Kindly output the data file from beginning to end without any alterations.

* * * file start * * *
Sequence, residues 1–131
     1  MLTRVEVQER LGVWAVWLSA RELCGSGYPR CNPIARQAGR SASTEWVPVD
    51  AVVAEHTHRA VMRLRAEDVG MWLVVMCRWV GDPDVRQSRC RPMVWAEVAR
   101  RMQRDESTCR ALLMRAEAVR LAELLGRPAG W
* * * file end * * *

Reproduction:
Sequence, residues 1–131
     1  MLTRVEVQER LGVWAVWLSA RELCGSGYPR CNPIARQAGR SASTEWVPVD
    51  AVVAEHTHRA VMRLRAEDVG MWLVVMCRWV GDPDVRQSRC RPMVWAEVAR
   101  RMQRDESTCR ALLMRAEAVR LAELLGRPAG W